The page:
For investors only, though talks are now public on youtube, investival was a chance to show what Monzo is aiming for in the future and a showcase of what they do to get there — culturally as well as product focused. Below are short summaries of the talks and my key takeaways.

Monzo Points

Points for using your card is coming soon.

https://community.monzo.com/t/monzo-points-early-access/66186 : a few screenshots and also a table of the most popular vendors for Monzo customers.

Essentially, like Tesco Clubcard, but driven by different brands within Monzo. You will gain points from certain places and be able to spend points in certain places.

Monzo Plus

Essentially, pay £3–6 per month and get features designed for less stress — directly give feedback about Monzo, have personalised offers to save you researching (insurance and broadband), and more.

To me, right now, it is the ability to choose a colour of your Monzo card and to have a direct way to give feedback without using the community. You are paying to be a guinea-pig for early features. It seems unlikely the cost incurred will return to you, right now.

In the future there is potential for insurance, early access to credit cards, loyalty cards integration, young person accounts, airmiles, cashback options and more as they become the managers of your data and finance.

Early Payday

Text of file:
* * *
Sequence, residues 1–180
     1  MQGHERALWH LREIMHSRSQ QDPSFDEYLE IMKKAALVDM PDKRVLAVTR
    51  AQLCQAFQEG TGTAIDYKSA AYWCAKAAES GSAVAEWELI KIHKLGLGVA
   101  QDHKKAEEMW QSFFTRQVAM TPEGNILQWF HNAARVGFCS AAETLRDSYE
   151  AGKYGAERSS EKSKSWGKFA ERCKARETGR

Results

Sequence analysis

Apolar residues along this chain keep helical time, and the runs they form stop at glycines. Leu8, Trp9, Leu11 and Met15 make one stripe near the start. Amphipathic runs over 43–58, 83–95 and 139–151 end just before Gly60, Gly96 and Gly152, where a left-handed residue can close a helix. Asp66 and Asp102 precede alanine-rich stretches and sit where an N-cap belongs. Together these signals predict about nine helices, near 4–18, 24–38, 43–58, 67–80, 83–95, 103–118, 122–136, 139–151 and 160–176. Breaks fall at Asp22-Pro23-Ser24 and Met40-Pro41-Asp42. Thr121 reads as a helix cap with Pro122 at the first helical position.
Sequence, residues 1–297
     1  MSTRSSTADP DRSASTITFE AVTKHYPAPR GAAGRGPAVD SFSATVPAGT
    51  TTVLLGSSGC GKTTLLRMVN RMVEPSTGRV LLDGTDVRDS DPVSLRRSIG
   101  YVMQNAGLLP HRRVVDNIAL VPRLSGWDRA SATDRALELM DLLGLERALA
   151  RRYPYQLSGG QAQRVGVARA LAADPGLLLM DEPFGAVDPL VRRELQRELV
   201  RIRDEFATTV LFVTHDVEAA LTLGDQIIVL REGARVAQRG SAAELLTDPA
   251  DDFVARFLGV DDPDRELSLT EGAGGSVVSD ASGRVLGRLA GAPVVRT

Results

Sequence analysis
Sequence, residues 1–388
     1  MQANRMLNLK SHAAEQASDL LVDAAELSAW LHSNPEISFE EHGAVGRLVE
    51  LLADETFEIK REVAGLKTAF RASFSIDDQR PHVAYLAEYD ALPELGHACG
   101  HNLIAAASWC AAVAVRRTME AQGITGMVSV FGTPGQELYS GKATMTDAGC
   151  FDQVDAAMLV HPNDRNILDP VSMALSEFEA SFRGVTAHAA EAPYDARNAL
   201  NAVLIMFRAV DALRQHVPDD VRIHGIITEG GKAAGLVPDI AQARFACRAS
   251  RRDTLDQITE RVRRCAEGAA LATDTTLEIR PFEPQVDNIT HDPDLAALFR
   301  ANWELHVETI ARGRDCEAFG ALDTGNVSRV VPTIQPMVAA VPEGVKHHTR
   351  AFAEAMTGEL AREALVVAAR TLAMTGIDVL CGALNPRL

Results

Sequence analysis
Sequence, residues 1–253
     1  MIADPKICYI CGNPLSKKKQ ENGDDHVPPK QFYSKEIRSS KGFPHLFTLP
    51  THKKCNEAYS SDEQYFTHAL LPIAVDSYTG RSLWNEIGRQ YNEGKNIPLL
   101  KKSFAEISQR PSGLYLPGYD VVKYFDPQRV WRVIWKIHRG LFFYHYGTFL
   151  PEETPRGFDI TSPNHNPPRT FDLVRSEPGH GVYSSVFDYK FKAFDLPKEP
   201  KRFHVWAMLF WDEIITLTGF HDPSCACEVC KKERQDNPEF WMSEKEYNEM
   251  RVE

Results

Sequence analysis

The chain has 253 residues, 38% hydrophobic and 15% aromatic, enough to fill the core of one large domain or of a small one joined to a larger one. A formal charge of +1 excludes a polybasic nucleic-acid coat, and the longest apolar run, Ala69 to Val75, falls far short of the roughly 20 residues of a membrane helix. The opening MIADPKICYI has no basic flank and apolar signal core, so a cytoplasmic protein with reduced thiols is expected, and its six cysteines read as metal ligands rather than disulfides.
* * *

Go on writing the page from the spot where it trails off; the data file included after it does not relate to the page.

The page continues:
Monzo has a little problem with most users loving the product and being true evangelists of it, but not supporting it / moving their money to it with their paychecks and savings. Why? Two things I suspect: people are lazy(“I don’t want to change my bills over”), and Monzo isn’t clear with its offerings (“they have savings accounts?” — more to come on this). Monzo want to be more than a bank, they want to be a platform for you to know your finances.

“To address this, lets make a fun feature that would appeal to most users, but requires their pay to go to their Monzo.” is what I imagine was said.

I think this is a stroke of genius. Super attractive, I assume easy to implement and hits that business goal — and a lovely dragging action to do so! From a Product perspective this is smart.

Empty Spaces

Monzo has morphed with time, and as such the features aren’t clear. Did you know they is a savings account that offers 1.5%!? I bet not unless you have looked hard for it. This will only get worse as saving’s accounts, loans, external balances (like student loans) become visible, credit scores and credit cards (offhandedly confirmed by accident on the day). The design team have been thinking about this challenge like photo albums.

From the Verge’s Critique of the Photo’s app when it came out 2015

Photo apps allow you to see a high level view and a detailed view very quickly. This is already beginning to be rolled out and should be here soon.

Interestingly, the rollout was staged to staff, then opt-in users, then a proportion of new users and now the wider customer base— learning from each cohort at each stage.

Support at the Speed of Thought

Customer Service can be a thankless job, until Monzo. How are their staff so quick at responding? Well, currently they have 1 helper (a.k.a COps in Monzo) to 3000 people (~670 COps) focused on it. They have a completely custom solution to empower their COps. They have built a platform on a React, Redux, GraphQL and a collection of APIs including Twillio. As well as displaying all relevant information and the customer chat, they also have access to their own policy chat which is assisted by machine learning [very similar to what I worked on at IBM!]. They also know self service will become more and more common and hence are building products with the core product team to integrate. All this with the goal to move to 1:100,000 COps to customer ratio.